5 Things You Should Know Before the Stock Market Opens

NEW YORK ( TheStreet) -- U.S. stock futures were slipping Wednesday and European shares were lower as worries over Spain's banking problems unnerved investors.

Asian stocks finished lower on Wednesday. Japan's Nikkei 225 index fell 0.3% to close at 8,633.19. A posting by China's official Xinhua News Agency said the government had denied reports of plans for a round of new stimulus measures.

Stocks in the U.S. ended higher Tuesday. The Dow Jones Industrial Average gained 125 points, or 1%, to close at 12,580.

The economic calendar in the U.S. Wednesday includes pending home sales for April at 10 a.m. EDT.

Research In Motion ( RIMM) late Tuesday forecast an operating loss for its fiscal first quarter.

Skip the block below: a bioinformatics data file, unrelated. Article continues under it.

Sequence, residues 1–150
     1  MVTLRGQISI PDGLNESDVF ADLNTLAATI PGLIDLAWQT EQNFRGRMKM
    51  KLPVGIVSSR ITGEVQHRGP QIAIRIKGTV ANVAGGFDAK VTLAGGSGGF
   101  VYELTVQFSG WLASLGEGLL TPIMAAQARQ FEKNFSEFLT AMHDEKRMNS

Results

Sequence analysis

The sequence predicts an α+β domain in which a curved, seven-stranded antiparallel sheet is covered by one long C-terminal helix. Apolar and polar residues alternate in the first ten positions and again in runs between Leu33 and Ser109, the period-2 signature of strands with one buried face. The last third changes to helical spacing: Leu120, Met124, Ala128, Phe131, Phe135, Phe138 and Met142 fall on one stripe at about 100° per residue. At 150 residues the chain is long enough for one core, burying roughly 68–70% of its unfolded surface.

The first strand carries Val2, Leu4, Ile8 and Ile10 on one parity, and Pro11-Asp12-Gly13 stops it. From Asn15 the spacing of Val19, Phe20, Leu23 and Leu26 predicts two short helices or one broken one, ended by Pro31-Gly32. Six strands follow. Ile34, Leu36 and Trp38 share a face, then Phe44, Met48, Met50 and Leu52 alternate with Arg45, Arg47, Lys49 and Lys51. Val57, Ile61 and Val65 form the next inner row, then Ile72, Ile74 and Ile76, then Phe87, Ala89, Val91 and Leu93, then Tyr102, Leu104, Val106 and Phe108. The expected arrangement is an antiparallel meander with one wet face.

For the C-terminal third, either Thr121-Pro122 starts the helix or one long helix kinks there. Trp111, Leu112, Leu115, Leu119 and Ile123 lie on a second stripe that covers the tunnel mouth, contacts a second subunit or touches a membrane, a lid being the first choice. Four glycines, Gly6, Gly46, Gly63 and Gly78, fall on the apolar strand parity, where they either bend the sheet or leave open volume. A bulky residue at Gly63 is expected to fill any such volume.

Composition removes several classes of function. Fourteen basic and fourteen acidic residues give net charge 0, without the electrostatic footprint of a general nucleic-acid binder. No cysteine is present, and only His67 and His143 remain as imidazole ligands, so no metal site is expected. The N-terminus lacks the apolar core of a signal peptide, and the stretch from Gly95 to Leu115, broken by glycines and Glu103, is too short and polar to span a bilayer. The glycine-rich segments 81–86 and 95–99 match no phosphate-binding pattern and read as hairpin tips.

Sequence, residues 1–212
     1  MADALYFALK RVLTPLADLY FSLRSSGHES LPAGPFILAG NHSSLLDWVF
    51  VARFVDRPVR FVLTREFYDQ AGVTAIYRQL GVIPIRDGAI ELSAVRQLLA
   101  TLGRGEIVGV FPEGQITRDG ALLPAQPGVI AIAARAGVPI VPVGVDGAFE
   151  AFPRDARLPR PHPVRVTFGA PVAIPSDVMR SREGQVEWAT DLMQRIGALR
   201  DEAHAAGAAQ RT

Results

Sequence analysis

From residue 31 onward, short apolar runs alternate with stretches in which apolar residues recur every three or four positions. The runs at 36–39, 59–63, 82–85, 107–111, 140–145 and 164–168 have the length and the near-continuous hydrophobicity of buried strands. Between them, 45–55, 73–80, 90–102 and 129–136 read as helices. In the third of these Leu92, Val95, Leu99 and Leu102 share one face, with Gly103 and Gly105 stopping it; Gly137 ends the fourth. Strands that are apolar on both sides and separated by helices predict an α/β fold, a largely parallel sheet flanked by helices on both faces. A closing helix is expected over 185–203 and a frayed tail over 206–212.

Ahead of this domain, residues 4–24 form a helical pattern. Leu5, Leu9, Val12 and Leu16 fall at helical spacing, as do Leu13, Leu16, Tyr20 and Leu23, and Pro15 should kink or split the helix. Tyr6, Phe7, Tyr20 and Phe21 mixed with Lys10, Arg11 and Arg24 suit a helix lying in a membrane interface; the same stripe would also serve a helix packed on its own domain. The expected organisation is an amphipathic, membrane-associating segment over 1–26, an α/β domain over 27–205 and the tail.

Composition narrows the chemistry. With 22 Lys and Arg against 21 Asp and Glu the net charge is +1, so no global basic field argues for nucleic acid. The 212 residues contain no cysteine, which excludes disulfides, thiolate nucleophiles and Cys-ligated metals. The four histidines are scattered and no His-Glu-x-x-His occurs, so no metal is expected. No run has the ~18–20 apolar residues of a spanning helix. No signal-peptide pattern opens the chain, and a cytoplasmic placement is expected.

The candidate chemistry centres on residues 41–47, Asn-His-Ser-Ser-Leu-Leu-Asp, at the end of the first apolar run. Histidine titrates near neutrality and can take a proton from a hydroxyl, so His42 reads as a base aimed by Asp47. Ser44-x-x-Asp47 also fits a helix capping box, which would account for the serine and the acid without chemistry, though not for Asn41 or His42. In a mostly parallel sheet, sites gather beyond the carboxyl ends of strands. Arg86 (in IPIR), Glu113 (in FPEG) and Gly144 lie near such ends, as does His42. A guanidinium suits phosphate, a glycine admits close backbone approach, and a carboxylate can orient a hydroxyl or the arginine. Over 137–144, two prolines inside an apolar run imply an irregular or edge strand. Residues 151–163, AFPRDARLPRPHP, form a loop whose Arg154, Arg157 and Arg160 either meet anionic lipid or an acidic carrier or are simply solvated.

The BlackBerry maker said its "financial performance will continue to be challenging for the next few quarters."

RIM also said it has hired bankers to help with its review of its strategic options and that it planned to make "significant" reductions in its work force.

The stock closed Tuesday at $11.23, up 2.1%, but fell as much as 15% in after-hours trading.

Facebook ( FB), the social networking giant, lost nearly 10% of its market capitalization on Tuesday with the stock becoming a favorite of short sellers.

Facebook closed Tuesday at $28.84. It's IPO price of less than two weeks ago was $38.

Separately, a Reuters report said Facebook has received notice that U.S. antitrust regulators will give its proposed acquisition of Instagram a lengthy investigation.

Pep Boys ( PBY), the automotive parts and service chain, said its sale to private-equity firm Gores Group has been canceled.

Pep Boys will receive termination fees of $50 million.

Mitt Romney said his victory in the Texas primary on Tuesday gives him enough delegates to win the Republican presidential nomination.

Romney needed 1,144 delegates to clinch the nomination. According to The Associated Press, the win Tuesday puts Romney over that number.

-- Written by Joseph Woelfel

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